The Ball Unites Us

Jerome Thelia:

As soon as I saw a photograph of an African soccer ball, stitched together from old rags in the geometric patterns so familiar to us, I wanted to tell its story.

And so last July my filmmaking crew traveled to a village outside of Kinshasa, the capital of the Democratic Republic of Congo, where we shot this Op-Doc. Although the country did not qualify for the World Cup, people there – as in most of Africa – are mad about soccer. They play it everywhere. And because soccer balls like the ones common on American fields are a rarity in much of Africa, the sport is often played with homemade balls, like the one in this video.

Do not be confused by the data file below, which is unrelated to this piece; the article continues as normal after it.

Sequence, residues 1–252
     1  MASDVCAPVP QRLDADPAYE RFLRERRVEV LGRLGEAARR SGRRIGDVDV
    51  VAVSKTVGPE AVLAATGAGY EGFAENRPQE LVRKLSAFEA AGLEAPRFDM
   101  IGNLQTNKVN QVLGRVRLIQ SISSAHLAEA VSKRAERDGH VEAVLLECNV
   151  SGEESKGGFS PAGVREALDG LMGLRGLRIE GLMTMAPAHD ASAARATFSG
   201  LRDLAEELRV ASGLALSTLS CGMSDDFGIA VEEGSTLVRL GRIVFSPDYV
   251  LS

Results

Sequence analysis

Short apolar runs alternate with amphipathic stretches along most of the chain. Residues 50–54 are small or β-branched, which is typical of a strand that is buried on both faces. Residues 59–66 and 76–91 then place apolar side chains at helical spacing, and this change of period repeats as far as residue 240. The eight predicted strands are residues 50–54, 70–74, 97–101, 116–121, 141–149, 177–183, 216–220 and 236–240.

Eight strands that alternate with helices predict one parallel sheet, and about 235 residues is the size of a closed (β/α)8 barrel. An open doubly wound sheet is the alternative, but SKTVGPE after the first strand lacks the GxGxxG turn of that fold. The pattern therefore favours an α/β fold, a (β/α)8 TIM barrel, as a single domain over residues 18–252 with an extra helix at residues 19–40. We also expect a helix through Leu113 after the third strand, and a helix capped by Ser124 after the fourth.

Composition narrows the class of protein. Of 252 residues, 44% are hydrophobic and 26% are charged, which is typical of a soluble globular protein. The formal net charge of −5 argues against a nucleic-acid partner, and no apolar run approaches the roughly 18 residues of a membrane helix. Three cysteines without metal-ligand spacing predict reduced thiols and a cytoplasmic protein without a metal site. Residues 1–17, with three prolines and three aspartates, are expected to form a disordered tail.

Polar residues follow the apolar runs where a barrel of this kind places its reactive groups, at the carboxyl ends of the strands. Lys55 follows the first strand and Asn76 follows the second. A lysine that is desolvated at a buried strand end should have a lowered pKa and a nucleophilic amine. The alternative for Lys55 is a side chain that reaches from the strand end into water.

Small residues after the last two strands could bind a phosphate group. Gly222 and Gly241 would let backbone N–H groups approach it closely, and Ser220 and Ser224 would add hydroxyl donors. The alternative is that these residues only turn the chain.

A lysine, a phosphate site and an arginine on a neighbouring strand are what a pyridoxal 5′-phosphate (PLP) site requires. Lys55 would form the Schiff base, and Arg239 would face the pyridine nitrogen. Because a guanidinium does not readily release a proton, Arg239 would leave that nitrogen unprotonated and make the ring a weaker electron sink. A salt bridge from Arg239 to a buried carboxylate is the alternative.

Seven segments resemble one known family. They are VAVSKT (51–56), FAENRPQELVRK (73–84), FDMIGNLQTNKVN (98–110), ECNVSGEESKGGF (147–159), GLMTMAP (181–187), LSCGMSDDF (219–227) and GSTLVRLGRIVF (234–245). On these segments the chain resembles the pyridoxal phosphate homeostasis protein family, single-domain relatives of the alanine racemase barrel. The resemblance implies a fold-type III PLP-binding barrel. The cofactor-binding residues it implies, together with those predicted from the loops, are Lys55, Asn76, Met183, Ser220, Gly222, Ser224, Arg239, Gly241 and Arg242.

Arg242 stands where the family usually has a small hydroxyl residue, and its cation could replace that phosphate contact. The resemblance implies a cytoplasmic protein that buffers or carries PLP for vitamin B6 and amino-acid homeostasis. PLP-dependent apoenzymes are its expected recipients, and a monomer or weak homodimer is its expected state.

The country has lost more than five million people to an intractable conflict that has terrorized the region for nearly two decades. Despite living through one of the world’s most brutal wars, children there still play with passion and joy – regardless of what kind of ball they are using.

We are now preparing to head to the World Cup in Brazil, where we’ll film a very different ball in a very different setting. Yet the joy of playing the game is universal.

Full disclosure: This clip comes from a new documentary, ‘Bounce: How the Ball Taught the World to Play’ that my co-worker, John Fox, is putting together. It’s based on his book, ‘The Ball: Discovering the Object of the Game‘.

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